Jun. 25th, 2006

labricoleuse: (shakespearean alan cumming)
This project overview is the first in the category of "Haberdashery," a term whose meaning varies widely--in the US, it typically refers to men's accessories, whereas in the UK it's synonymous with notions and trimmings.

In this context, i'm using it as a catchall craftwork term for items that don't neatly fit into other project categories (Footwear, Headwear, Dyeing/Ageing, etc); to wit, the unusually-structured brightly-colored ruffs made for the American Repertory Theatre's 2001 production of Shakespeare's Richard II.

2 photographs )

I was given the embroidered organza in the color the designer wanted, but every other material used had to be dyed to match--heavy nylon crinoline, cotton-wrapped millinery wire, bias tape, twill tape, a thin nylon horsehair-braid, and a cotton/acetate-blend brocade. I used a range of different dyestuffs, primarily Aljo's line of nylon/acetate and cotton/rayon dyes, and Rit. There were five ruffs--the two wine/burgundy ones pictured, as well as a rust-colored one and two fuchsia ones (these two were cut from the final production).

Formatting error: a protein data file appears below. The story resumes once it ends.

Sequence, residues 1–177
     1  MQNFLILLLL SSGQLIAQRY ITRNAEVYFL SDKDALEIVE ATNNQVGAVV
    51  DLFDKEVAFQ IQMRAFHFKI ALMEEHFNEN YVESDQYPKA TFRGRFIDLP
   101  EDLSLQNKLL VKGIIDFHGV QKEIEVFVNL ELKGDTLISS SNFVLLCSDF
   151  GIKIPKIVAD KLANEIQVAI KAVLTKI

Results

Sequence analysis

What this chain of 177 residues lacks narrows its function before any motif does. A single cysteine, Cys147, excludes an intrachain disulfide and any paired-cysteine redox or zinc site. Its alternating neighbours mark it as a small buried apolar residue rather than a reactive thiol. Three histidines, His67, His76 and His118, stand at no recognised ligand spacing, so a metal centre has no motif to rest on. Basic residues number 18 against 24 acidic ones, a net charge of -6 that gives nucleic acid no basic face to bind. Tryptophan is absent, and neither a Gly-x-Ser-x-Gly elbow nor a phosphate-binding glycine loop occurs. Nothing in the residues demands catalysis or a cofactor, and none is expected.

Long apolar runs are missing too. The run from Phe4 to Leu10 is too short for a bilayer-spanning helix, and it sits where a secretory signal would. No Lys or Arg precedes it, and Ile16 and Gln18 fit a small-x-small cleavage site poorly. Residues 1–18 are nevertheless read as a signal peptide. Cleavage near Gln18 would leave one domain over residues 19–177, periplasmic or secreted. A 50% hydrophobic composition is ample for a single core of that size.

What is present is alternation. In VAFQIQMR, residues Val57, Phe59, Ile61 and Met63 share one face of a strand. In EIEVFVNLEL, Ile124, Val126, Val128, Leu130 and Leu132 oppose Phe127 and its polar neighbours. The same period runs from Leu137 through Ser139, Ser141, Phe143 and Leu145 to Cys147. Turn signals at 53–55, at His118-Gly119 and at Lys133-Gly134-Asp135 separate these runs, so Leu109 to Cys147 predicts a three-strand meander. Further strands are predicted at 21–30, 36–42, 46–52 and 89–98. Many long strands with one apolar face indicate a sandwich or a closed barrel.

The research photos provided were of the large fluted ruff that the vampire-bride Lucy Westenra wears in Bram Stoker's Dracula. In order to create the ruffs themselves in this style, i stitched tiny channels in a radial formation and made "bones" from heavy-gauge millinery wire. Along the outer edge, narrow horsehair was sewn beneath the densest part of the embroidery to make the ends retain the springy half-moon curve. For the ruffs that needed to sit up just beneath the actors' chins, i created the underpropper foundation structure you see in the first photo up there--essentially, a stiff "posture collar", flared at the top to support the ruff. For the yoke-like ruff that was directly based on the Westenra research, i used the same material (heavy nylon crin, reinforced with Rigilene) but made a sort of taco-shaped "plate" as the base. The fluted, boned embroidered organza ruffs were then tacked to the support structures, and any potentially-visible nylon was covered with a layer of brocade. The ruffs have a central back zipper, and 1-2 untacked flutes that snap into place over the join.

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